4. Examine the various issues that impact tea production in the country. What measures are needed to ensure result oriented, fast-paced yet sustainable growth in the sector? (250 words)

Difficulty level: Moderate

Reference: Live Mint

Why the question:

The draft Tea (Promotion and Development) Bill, 2022, is meant to replace the 68-year-old Tea Act, 1953. The commerce ministry, which is piloting the Bill, says the new legislation will remove colonial-era provisions and socialist-era governmental restrictions on the industry.

Key Demand of the question:

To write about the issues with tea production and measures needed to overcome them.

Directive word: 

Examine – When asked to ‘Examine’, we must investigate the topic (content words) in detail, inspect it, investigate it and establish the key facts and issues related to the topic in question. While doing so we should explain why these facts and issues are important and their implications.

Structure of the answer:

Introduction: 

Begin by briefly citing statistics regarding the extent of tea production in India and India’s share in global market.

Body:

First, write about the importance tea industry.

Next, write about the various issues in the tea industry – archaic laws, labour issues, pesticides, lack of standards etc.

Next, write about the measures that are required – draft Tea (Promotion and Development) Bill, overcoming labour issues, supply chain bottlenecks etc.

Conclusion:

Conclude by writing a way forward.

Introduction

India today is the second-largest producer of tea in the world, accounting for a fifth of the world’s production with annual production in excess of 1.2 billion kgs. It is also the fourth biggest exporter, behind China, Sri Lanka and Kenya.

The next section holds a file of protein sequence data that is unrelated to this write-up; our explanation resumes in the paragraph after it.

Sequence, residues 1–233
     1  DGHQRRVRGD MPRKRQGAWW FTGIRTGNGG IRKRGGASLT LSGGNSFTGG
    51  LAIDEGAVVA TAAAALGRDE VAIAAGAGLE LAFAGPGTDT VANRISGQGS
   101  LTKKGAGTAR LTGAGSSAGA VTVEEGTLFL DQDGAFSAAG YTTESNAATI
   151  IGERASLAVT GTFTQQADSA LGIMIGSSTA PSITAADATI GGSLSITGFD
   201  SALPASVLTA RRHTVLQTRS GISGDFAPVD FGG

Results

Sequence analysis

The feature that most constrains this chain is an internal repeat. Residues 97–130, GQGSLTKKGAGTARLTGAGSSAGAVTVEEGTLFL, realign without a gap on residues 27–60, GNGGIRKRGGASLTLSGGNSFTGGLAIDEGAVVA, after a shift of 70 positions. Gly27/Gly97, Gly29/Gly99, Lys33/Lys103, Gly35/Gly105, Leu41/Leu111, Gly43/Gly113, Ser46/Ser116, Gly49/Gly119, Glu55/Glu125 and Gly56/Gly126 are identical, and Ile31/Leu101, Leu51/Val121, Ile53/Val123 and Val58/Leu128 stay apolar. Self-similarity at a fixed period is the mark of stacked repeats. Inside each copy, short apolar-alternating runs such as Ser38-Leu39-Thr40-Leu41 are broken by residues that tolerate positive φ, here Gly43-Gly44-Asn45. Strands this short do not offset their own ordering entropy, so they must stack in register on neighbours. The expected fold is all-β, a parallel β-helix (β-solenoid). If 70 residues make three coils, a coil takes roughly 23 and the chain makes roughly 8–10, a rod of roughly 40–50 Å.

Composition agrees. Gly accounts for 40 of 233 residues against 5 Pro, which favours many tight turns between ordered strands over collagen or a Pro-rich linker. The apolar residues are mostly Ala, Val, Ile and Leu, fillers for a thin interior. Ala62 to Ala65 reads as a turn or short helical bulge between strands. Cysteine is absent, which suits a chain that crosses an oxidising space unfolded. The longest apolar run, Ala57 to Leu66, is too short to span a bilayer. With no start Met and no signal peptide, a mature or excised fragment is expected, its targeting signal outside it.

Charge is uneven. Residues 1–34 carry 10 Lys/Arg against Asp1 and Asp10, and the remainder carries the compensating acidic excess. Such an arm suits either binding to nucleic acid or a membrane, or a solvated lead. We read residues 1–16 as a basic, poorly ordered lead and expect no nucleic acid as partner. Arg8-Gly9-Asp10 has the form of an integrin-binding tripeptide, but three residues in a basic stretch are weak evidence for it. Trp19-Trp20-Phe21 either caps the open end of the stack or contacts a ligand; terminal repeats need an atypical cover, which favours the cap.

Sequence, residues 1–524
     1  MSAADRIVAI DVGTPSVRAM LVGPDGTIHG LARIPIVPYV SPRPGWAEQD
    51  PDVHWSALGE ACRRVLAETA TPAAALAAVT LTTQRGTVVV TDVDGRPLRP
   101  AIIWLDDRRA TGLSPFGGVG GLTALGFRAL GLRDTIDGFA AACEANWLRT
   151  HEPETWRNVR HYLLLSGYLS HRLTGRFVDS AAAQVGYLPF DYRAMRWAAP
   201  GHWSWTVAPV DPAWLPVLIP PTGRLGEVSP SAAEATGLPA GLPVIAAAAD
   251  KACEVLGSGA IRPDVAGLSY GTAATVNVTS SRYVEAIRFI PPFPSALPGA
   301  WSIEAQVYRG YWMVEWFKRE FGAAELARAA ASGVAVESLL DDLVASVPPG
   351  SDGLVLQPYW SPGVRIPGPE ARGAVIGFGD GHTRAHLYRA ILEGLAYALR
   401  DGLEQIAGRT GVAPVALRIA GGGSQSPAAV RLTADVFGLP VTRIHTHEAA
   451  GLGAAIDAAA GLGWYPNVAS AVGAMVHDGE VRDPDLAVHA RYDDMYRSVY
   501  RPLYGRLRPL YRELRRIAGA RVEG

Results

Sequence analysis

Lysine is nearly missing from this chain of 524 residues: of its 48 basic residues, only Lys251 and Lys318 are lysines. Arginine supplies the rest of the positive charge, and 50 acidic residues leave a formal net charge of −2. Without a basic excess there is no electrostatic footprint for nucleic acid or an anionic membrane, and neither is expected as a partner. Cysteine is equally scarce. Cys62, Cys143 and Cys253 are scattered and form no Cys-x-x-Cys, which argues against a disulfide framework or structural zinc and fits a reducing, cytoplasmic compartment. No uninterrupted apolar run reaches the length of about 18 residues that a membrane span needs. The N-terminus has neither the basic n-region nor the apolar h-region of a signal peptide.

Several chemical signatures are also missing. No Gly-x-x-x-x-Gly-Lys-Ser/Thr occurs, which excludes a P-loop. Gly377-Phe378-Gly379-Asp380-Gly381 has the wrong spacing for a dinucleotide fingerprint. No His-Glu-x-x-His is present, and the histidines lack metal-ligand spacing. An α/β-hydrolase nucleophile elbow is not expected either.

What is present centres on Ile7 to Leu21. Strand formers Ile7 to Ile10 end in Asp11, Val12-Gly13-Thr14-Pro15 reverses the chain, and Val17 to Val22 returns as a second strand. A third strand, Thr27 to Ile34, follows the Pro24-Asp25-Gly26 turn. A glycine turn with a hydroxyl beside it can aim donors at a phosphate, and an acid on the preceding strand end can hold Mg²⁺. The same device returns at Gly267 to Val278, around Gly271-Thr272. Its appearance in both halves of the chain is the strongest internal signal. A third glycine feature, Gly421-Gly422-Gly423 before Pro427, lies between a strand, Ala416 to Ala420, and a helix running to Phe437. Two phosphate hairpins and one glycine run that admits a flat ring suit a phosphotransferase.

The draft Tea (Promotion and Development) Bill, 2022, is meant to replace the 68-year-old Tea Act, 1953. The commerce ministry, which is piloting the Bill, says the new legislation will remove colonial-era provisions and socialist-era governmental restrictions on the industry.

Body

Issues impacting tea production in the county

  • Decline in tea price: Due to various causes, the auction price of the tea has seen a steady decline over the years. According to World Bank, the tea prices declined by almost 44% in real terms.
  • In India, all the profits from the tea gardens were siphoned off and there was no real or proper reinvestment in improving quality of tea.
  • License and quotas: Manufacturing tea requires a separate licence.
    • Exports are controlled and there are quotas and allotments.
  • Draconian provisions: As the tea sector went into a steady decline in the seventies, the government armed itself with powers to take over the management of any estate which remains closed for more than three months without investigation.
  • Less production of tea: There are multiple problems being faced by the tea industry such as finance crisis, power problems, labour problems, poor labour schemes, inadequate communication system, increased revenue tax for tea gardens, increased pollution fee, less transport subsidy etc.
    • All these have altogether put the tea industry in a bad situation, resulting in low production of tea leaves and tea.
  • Labour demand: Leaving aside the natives, most of the workers in the tea gardens in Assam and Bengal are the ones who have migrated from states like Bihar, Orissa and Madhya Pradesh, since the later part of the 19th century. These workers are solely dependent on the tea industry for their daily income and livelihood.